[Python-Dev] RE: [Patches] [Patch #102915] xreadlines : readlines :: xrange : range

Guido van Rossum guido@python.org
Wed, 03 Jan 2001 07:37:11 -0500

> 1. That Perl still takes only 6 seconds in line-at-a-time mode.

Are you sure Perl still uses stdio at all?

If so, does it open the file in binary or in text mode?  Based on the
APIs in MS's libc, I presume that the crlf->lf translation is not done
by stdio proper but by the Unix I/O emulation just underneath it
(open() has an O_BINARY option flag, so read() probably does the
translation).  That comes down to copying most bytes an extra time.

(To test this hypothesis, you could try to open the test file with
mode "rb" and see if it makes a difference.)

> 2. I originally wrote a getline workalike, instead of building
> directly into a PyString buffer.  That made my test run *slower*,
> and I'm talking factor of 2, not a yawn.  To judge from my usually
> silent disk (I've got 256Mb RAM on this box), I'm afraid the extra
> mallocs required may have triggered the horrid Win9x
> malloc-thrashing problem I wrote about while I was still at Dragon.
> Consider that another vote for Vlad's PyMalloc -- we've got no
> handle on x-platform dynamic memory behavior now.  Python's destiny
> is to replace both the platform OS and libc anyway <0.9 wink>.
> The scary parts:
> + As the "XXX" comments indicate, this is full of little
> insecurities.

My biggest worry: thread-safety.  There must be a way to lock the file
(you indicated that fgets() uses it).

> + Another one I just thought of: if the user's last operations on
> the fp were two or more consecutive ungetc calls, all bets are off.
> But then MS doesn't define what happens then either.

Python doesn't have an interface to ungetc(), and I believe the stdio
standard says you can only call ungetc() once consecutively.  Assuming
other C code linked with Python obeys this rule (a pretty safe
assumption), we should be fine.  And if the assumption is violated, I
presume it's really that C code's fault -- plus, it code that only
uses getc() would be screwed just as badly.

> + This is much less ambitious than I recall Perl's code being: it
> doesn't try to guess anything about the file, and effectively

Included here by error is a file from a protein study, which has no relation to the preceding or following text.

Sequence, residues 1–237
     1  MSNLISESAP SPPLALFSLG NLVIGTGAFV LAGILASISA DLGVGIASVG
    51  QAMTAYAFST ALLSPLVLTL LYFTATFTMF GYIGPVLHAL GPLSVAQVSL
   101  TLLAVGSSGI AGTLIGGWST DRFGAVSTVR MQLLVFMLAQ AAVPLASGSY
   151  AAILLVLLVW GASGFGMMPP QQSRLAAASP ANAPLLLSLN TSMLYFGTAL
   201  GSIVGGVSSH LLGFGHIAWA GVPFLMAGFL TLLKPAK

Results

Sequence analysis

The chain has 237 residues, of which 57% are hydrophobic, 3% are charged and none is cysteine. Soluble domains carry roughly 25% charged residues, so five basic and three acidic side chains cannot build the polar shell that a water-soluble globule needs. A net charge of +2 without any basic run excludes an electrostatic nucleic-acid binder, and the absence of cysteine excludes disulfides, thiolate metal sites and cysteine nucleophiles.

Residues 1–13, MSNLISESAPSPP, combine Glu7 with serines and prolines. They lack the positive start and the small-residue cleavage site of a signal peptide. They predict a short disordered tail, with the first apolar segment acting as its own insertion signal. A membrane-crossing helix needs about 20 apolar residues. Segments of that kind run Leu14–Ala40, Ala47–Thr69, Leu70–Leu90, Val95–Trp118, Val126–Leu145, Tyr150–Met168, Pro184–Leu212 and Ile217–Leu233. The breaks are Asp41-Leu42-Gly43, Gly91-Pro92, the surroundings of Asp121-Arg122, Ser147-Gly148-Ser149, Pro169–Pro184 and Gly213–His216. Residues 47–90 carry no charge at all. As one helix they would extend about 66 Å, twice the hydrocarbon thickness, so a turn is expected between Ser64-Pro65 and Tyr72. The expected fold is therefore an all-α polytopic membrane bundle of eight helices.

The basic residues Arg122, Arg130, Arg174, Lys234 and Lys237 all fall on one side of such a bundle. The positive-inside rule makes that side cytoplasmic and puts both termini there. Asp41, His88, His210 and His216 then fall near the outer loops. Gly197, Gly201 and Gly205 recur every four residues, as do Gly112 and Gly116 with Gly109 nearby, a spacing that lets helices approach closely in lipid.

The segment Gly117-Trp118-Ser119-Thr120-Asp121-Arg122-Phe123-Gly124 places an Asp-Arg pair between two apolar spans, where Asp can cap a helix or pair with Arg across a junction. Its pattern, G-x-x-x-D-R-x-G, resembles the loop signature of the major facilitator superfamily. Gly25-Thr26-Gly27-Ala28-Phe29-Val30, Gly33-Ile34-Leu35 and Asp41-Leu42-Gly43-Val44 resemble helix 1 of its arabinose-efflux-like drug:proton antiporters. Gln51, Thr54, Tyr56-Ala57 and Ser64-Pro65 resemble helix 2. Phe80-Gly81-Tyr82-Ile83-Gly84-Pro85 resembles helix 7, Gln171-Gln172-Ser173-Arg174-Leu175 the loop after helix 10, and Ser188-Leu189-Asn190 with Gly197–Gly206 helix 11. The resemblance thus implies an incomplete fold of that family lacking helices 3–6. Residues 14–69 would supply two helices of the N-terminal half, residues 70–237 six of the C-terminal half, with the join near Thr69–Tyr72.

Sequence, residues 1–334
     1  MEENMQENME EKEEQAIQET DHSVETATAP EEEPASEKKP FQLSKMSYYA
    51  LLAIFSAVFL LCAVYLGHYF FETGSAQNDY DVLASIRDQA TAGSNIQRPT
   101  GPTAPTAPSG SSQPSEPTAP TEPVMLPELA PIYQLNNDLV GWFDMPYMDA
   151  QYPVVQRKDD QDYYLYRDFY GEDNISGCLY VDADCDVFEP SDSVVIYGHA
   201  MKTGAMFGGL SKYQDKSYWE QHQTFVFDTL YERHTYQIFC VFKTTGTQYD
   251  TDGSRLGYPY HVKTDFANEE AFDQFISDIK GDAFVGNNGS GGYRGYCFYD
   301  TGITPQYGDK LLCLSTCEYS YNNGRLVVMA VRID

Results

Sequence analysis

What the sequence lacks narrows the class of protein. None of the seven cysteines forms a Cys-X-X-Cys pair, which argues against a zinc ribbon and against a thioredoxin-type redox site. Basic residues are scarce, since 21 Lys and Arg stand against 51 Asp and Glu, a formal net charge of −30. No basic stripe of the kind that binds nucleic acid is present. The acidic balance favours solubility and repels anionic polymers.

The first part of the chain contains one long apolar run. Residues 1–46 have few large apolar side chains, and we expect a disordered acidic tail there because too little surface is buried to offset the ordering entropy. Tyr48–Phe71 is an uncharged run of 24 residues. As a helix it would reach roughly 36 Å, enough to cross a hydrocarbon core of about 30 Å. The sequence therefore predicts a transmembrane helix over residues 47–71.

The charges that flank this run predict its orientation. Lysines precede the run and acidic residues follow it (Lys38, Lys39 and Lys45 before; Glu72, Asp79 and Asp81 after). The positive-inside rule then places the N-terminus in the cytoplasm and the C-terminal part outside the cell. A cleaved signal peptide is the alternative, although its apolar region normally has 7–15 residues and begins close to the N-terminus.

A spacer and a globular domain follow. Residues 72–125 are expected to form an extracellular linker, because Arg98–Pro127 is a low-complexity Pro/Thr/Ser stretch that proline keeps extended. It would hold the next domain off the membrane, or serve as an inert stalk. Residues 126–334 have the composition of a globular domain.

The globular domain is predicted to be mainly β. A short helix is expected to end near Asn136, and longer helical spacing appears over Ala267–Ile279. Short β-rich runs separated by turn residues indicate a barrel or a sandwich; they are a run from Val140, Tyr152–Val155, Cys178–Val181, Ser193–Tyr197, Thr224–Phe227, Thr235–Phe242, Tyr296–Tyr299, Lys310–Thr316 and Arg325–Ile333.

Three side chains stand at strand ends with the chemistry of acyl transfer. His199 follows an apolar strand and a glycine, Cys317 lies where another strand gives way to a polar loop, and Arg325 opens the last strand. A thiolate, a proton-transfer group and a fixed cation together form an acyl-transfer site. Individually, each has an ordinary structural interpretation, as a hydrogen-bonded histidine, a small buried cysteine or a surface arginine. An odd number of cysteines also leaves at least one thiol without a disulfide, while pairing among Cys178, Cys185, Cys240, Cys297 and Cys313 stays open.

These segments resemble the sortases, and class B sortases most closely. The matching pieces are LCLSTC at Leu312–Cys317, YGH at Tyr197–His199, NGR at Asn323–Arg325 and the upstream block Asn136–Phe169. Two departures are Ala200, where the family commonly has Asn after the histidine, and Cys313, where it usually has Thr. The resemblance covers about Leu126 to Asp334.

> captures only what would happen if you could unroll the guts of a
> getc-in-a-loop and optimize the snot out of it.  The good news is
> that this means it's much easier to maintain (it touches only two of
> the MS FILE* fields, and in ways that are pretty obviously correct).
> The bad news is that this seems also pretty clearly all there *is*
> to be gotten out of breaking into the FILE* abstraction for the
> particular test case I'm using; and increasing TUNEME doesn't save
> any time at all: the sucker is flying at full speed already.

You probably don't have many lines longer than 1000 characters.

> + It drops (line-at-a-time) drops to a little under 13 seconds if I
> comment out the thread macros.

If you mean the Py_BLOCK_THREADS around the resize, that can be safely
dropped.  (If/when we introduce Vladimir's malloc, we'll have to
decide whether it is threadsafe by itself or whether it requires the
global interpreter lock.  I vote to make it threadsafe by itself.)

> + I haven't looked at Perl's implementation in a year, and they must
> have dreamt up another trick since then.  That's a "scary part"
> indeed to anyone who has ever looked at Perl's implementation.
> retreating-into-a-fetal-position-ly y'rs - tim
> Anyone wants to play, the sandbox is fileobject.c.  Do two things:
> insert this new chunk somewhere above get_line:
> #ifdef MS_WIN32
> static PyObject*
> win32_getline(FILE *fp)
> {
> 	/* XXX ignores thread safety -- but so does MS's getc macro! */
> 	PyObject* v;
> 	char* pBuf;	/* next free slot in v's buffer */
> 	/* MS's internals are declared in terms of ints, but it's a sure bet